King’s Court housing addition keeps growing
HENDRICKS — Every year the King’s Court housing subdivision in Hendricks looks more like a neighborhood.
The housing addition, located on the east end of the city, has reached the point of being almost half occupied. When it was first platted in 2014, it represented a new approach to expanding the housing market within the Hendricks city limits.
Owners of the block’s first house, two halves of a twin home, and a second house currently under construction have followed through on the opportunity to buy housing lots designed for 21st century residences.
“We’ve had buildable lots around town in the past, but never a new addition with an entire block ready for development,” said Hendricks City Administrator David Blees. “It’s helped to give potential homeowners another option.”
The new lots were platted in an undeveloped area surrounded by other residential blocks and by the Hendricks Community Hospital. Homes to the east, along Chavis Drive, were constructed in the 1970s.
A new similar street and cul-de-sac access was created for the King’s Court lots. It was named Mueller Drive in honor of Dr. Leroy Mueller, a physician who practiced in Hendricks for many years.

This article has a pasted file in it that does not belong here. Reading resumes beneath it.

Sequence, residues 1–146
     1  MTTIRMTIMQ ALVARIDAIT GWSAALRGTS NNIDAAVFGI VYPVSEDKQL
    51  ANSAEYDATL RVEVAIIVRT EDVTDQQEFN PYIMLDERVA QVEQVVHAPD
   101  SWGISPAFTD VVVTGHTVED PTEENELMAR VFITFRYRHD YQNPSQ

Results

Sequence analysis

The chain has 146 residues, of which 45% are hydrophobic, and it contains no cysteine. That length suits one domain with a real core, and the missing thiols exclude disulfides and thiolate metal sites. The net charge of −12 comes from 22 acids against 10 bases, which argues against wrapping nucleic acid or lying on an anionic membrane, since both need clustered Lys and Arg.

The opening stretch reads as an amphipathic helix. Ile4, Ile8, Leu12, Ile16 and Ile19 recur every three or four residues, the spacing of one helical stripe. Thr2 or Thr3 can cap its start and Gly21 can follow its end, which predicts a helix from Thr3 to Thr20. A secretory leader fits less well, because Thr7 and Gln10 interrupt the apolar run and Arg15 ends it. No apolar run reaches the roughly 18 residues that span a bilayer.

“It was chosen as the area with the best potential for new housing,” Blees said. “We were able to work with a convenient location close to the hospital, school and downtown businesses. There’s the advantage of a quiet street that intersects onto one of the main local roads.”
Lot sales are made with the expectation that new owners will begin to build within the following year. The city is flexible, however, if weather conditions or other factors make it necessary to move back the construction timeline.
A total of six more lots remain, with a choice between square parcels and others that have an irregular shape featuring more square footage toward the back.
“When King’s Court was started, we hoped to average one new home per year,” Blees said. “It’s stayed close to that. One each year is good, steady progress that makes a difference in a small town.”
Vince Robinson of the Ivanhoe-based DSI consulting firm has assisted with King’s Court and several other housing initiatives in communities a short distance from Hendricks.
He said the project is one of several examples of how to successfully diversify the housing market in towns of less than 2,000 residents situated more than 20 miles from the nearest larger communities. Others include new housing on the south side of Tyler and in the area of Lake Benton next to West Side Field.
“They’ve been especially good for buyers who are looking for a home that has everything on one level, usually young families or older owners who want to downsize,” Robinson said. “That can be difficult to find just by focusing on existing homes that come up for sale. Some of them find that building on affordable lots is more of a realistic option than they thought.”